Scottish independence: Referendum campaigners put their arguments
The leaders of the no and yes referendum campaigns on Scottish independence have been putting their cases ahead of the historic vote.
Alistair Darling of the Better Together unionist group said independence was "not freedom but more like serfdom".
Blair Jenkins, who heads up the Yes lobby, said he was "enormously excited" about the referendum in autumn 2014.
The comments came the day after a deal on the process of the vote was signed by the UK and Scottish governments.
Prime Minister David Cameron and First Minister Alex Salmond met at St Andrew's House in Edinburgh to agree to the memorandum of understanding laying out the ground rules.
The vote in two years time will consist of;
- a single Yes/No question on Scotland leaving the UK
- it will also allow 16 and 17-year-olds to take part in the ballot
- and it must be held before the end of 2014
Former BBC Scotland news chief Mr Jenkins said: "How fantastic is it that we are the first generation of Scots - the only generation of Scots - to get a chance to vote on this issue and we could leave a better bequest to our children, grandchildren and future generations to come then being an independent Scotland."
He Told BBC Radio Scotland's Good Morning Scotland programme that there was a big challenge ahead for the Yes campaign given that current polling suggests people in Scotland would vote against independence.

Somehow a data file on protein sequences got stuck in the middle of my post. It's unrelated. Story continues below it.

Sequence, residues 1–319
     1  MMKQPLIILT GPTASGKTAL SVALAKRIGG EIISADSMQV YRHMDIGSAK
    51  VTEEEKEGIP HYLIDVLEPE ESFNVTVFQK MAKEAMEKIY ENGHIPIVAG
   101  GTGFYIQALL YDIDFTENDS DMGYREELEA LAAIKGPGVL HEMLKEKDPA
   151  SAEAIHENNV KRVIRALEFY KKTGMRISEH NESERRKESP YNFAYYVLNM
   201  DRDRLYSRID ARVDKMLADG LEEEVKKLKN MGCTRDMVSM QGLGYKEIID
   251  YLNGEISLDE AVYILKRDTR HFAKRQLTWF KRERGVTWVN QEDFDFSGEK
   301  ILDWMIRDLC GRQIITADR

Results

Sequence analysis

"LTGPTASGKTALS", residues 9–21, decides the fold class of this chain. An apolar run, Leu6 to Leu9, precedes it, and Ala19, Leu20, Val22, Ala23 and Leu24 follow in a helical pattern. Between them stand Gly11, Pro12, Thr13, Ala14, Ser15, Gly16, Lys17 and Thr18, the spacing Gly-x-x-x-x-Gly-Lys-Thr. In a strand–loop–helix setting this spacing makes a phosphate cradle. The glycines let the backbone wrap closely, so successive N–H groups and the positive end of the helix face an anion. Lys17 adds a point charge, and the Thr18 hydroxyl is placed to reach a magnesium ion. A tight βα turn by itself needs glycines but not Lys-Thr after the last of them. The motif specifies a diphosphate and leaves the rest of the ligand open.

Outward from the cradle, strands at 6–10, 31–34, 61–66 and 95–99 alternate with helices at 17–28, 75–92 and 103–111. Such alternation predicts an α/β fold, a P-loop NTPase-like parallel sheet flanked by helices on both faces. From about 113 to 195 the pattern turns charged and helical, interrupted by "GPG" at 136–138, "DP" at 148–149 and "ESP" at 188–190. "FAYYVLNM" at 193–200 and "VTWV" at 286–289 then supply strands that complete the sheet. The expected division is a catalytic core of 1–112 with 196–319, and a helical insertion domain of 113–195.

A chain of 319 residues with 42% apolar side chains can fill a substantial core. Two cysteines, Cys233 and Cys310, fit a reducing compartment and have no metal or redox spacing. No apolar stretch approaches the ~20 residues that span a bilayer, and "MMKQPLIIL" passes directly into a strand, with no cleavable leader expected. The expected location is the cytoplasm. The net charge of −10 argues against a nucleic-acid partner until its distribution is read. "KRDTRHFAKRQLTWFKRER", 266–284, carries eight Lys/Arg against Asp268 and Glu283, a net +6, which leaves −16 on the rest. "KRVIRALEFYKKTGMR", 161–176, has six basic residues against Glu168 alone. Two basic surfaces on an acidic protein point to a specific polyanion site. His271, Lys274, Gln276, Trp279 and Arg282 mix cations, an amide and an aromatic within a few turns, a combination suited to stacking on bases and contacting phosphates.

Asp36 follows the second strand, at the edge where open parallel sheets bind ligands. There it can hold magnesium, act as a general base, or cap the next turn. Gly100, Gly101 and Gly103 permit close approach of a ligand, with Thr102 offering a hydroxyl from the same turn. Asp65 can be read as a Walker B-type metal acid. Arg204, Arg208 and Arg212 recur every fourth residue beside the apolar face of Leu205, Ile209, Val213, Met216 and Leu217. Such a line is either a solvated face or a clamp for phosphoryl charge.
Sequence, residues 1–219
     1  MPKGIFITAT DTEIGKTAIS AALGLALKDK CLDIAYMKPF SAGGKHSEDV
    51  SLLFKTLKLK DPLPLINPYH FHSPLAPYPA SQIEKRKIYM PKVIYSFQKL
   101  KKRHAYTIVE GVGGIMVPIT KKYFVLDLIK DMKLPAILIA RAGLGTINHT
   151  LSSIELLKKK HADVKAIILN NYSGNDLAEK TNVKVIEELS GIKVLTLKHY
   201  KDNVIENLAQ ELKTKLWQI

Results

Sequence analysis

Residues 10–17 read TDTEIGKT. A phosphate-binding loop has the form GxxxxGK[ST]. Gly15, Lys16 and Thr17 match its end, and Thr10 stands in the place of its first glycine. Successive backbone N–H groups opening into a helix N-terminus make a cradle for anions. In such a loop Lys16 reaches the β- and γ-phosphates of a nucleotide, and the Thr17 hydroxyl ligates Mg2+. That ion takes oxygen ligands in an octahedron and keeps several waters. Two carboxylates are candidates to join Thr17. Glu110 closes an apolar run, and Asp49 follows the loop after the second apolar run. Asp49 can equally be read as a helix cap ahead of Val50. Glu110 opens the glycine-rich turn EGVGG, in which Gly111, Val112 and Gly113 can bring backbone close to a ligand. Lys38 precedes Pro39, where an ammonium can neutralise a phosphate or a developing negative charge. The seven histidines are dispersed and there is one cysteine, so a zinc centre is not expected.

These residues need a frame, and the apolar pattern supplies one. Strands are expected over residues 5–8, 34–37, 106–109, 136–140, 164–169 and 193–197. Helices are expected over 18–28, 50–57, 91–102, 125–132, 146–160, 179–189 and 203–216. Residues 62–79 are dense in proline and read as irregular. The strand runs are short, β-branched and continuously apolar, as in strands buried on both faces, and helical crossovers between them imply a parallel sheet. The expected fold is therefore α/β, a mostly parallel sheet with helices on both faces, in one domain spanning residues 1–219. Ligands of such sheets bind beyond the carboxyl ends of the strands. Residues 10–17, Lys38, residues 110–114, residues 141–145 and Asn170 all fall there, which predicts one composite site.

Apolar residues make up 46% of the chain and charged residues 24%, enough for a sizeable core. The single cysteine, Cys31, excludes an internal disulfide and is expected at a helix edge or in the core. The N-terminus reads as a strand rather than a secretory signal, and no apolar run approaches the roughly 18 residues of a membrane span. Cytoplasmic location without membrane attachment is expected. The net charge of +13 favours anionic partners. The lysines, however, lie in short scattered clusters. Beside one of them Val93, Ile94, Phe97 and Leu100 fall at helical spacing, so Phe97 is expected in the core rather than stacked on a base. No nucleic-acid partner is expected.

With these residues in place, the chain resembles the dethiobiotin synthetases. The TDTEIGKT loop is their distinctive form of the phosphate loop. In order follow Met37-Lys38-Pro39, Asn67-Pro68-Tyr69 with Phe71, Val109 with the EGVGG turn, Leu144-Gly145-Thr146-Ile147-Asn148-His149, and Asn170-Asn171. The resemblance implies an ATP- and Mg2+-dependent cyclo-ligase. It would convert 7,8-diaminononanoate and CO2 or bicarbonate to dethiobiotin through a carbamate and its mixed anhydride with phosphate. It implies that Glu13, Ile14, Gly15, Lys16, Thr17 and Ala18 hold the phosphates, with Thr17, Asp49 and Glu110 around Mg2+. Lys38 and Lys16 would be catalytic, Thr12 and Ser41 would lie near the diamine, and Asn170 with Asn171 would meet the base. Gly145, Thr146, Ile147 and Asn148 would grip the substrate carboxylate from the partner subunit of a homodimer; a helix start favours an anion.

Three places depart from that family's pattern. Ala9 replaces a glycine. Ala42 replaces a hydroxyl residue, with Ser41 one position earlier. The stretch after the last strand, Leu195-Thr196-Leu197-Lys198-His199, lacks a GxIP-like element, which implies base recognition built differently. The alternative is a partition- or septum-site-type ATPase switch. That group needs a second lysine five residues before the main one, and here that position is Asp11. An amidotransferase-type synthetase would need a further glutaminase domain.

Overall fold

Mr Jenkins explained: "There is already a group in the population who is firmly intending to vote yes and a group firmly intending to vote no and there is a very sizeable group, I think the largest of the three groups, who are saying we have not made up our minds, we are interested in this idea, we want to hear more, we need to be convinced.
"Now our job is very clear, we've got the evidence, we've got the arguments."
He admitted that people were not fully in tune with the debate, but conversations were beginning right across Scotland.'Uncertain future'
Mr Jenkins said it was possible to see everyone in Scotland as "converts to independence".
But former Labour chancellor and pro-unionist Mr Darling said the arguments were stacked against Scotland becoming independent.
He told Good Morning Scotland that there were three strong elements as to why the UK should remain together - the economy, emotional and cultural ties and the influence the UK has in the world.
Mr Darling added: "If Scotland became independent it has got to have its own financial services regulatory regime. What you have now is a genuinely open, single market. You have to ask yourself why are you doing this, what is the purpose for it all?
"I think to enter into an economic union where we are giving up the influence we have got just now, when you have to enter into a fiscal pact which means that Scotland's tax and spending would have to be approved by and agreed to by the UK - that isn't freedom, that is more like serfdom."
He questioned why people in Scotland were being asked to "choose between being Scottish or British".
Mr Darling asked what was the point of Scotland "giving up" union and entering into an "uncertain future"?